Here in America God truly has brought “the nations” to us. We’re hardly a homogeneous society, and are becoming more and more diverse. When Los Angeles hosted the Olympics in 1984, there were 171 different native languages present and the Olympic Committee was able to find people living in the L.A. area who could welcome each of them in their own language. I know we’re not in L.A. or even Denison, but there’s diversity here. It is our challenge as a local congregation to reach out to any and all—to welcome them to life in Christ.
But diversity is not just racial, it can come in a hundred different varieties. I know all of you, and I know that for the most part that we’re generally loving and welcoming. But I also know that both you and I have certain biases that we bring with us to church. Do we welcome those who maybe don’t dress up quite as much for church as we think they should? Do we welcome those with a bunch of tattoos as warmly as we do our longtime members? Do we make our children and youth feel accepted or are we annoyed with them? Do we embrace those who surprise us by coming to church or do we reject them as “sinners”? Do we focus on people’s past rather than looking to their present? Ultimately, it comes down to what we heard Old Testament and Gospel texts, do we “love our neighbors as ourselves”? I know I just asked a bunch of questions, but these are questions we need to ask ourselves. Because how we answer those questions reveals how willing we are to step outside our comfort zones and welcome people to our church. If we’re cold towards those who need to hear about Christ because they look and act differently, we could lose an opportunity to share with them the Good News and rejoice with them when they come to faith. The Church, and this congregation, aren’t just for some people, but for all people.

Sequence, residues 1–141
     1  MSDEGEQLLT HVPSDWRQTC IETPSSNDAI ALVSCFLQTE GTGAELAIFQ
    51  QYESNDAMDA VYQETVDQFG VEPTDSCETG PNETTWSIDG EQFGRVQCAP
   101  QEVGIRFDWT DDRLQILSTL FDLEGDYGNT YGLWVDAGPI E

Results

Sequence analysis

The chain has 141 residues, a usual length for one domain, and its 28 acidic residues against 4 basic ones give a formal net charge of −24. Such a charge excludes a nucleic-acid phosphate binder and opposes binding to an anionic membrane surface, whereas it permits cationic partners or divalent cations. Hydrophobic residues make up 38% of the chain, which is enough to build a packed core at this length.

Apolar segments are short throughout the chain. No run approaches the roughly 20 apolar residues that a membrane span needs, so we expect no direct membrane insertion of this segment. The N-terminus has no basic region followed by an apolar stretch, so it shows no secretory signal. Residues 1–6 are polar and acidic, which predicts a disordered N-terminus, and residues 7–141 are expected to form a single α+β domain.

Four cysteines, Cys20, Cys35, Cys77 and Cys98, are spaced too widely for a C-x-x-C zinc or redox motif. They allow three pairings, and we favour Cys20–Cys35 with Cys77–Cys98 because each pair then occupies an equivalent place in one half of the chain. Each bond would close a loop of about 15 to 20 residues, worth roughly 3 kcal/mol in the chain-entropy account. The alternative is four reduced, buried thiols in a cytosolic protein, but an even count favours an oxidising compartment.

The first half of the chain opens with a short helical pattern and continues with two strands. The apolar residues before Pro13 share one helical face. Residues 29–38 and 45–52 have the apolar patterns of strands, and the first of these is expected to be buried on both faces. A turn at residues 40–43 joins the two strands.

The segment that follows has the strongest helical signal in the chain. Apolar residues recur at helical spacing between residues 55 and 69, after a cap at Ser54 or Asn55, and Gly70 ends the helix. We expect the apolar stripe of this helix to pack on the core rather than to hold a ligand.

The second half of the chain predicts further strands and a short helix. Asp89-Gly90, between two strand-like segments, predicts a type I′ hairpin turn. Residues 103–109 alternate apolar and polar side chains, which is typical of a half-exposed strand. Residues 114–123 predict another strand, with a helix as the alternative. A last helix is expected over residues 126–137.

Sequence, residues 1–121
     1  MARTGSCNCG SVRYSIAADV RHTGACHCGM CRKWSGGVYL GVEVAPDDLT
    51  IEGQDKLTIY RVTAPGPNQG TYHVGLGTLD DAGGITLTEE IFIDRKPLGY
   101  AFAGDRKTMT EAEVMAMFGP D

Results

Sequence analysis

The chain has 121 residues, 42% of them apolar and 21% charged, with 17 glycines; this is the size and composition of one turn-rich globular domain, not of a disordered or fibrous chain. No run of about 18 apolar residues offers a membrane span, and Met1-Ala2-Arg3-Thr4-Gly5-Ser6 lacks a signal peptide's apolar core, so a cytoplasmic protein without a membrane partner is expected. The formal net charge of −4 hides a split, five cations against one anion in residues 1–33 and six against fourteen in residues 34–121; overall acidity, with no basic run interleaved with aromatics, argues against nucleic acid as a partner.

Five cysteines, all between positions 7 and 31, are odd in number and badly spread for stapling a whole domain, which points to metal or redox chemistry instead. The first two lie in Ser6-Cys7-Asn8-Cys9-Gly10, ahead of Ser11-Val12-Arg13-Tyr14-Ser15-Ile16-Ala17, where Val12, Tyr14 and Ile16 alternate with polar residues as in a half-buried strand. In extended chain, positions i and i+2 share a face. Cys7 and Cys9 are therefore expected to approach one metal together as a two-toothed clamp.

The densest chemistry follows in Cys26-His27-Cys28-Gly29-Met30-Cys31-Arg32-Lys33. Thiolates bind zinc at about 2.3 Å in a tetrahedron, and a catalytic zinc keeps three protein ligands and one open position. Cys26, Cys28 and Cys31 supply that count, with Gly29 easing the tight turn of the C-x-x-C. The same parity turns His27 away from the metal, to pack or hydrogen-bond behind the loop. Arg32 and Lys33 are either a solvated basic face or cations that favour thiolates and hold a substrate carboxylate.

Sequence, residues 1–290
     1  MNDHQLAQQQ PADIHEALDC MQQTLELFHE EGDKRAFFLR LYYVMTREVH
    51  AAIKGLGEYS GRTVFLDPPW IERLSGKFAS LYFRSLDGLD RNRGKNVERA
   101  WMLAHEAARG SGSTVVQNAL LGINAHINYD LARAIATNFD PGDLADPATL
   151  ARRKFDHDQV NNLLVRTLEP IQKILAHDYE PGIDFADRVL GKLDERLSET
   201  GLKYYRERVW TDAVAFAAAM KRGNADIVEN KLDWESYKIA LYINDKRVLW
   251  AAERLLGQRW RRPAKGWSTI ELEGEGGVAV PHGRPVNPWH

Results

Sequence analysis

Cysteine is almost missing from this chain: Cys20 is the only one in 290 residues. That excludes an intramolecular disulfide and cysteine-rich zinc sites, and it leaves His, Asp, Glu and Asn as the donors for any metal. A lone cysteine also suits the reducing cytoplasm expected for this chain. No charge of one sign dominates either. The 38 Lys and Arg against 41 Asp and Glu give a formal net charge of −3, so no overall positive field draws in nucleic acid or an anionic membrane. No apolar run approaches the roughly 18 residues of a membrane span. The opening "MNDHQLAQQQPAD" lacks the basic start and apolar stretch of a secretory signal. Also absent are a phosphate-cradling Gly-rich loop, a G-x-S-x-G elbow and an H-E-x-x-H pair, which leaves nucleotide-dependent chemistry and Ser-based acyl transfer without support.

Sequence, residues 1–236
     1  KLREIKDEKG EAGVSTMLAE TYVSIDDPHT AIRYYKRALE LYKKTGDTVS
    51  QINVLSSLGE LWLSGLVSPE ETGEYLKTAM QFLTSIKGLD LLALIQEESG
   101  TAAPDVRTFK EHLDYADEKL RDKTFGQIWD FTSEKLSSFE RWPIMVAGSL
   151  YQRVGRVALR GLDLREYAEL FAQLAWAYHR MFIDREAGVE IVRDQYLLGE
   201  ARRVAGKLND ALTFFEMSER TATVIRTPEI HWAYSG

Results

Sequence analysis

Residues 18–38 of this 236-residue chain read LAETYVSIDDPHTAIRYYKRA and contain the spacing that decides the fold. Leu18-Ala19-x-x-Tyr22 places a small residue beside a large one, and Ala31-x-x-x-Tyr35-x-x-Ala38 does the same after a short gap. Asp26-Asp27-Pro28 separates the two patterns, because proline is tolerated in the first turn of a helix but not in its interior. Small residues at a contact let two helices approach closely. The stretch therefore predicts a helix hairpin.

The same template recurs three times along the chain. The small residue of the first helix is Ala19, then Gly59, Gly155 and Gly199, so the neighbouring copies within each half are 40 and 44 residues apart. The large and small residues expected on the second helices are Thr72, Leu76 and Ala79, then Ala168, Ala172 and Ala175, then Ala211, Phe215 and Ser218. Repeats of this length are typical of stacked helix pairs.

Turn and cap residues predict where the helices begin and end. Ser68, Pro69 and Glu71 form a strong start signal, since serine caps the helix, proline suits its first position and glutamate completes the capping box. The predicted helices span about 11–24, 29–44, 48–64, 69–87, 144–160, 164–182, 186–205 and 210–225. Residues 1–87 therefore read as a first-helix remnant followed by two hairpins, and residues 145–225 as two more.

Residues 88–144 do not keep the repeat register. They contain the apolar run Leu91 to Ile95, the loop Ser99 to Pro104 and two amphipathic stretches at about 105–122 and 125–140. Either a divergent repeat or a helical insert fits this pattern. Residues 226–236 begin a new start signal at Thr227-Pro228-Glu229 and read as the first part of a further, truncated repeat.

It’s for you because it is here that I get to share with you that you’re forgiven! Your sins are washed away in the blood of Jesus. Your sinful biases and attitudes are nailed with Jesus to the cross and you are raised to a new life through His resurrection. God’s House is such a wonderful place to be because regardless of what we’ve done, who we’ve hurt, or how we’ve lived, God is here ready to show us mercy. Ready to forgive us and to restore us to the family. You’re never beyond God’s mercy! On the cross Jesus brought you right up to Him where He will never let you go, because you are His chosen people and His promises are for you.
Now the peace which surpasses all understanding keep your hearts and minds in Christ Jesus. Amen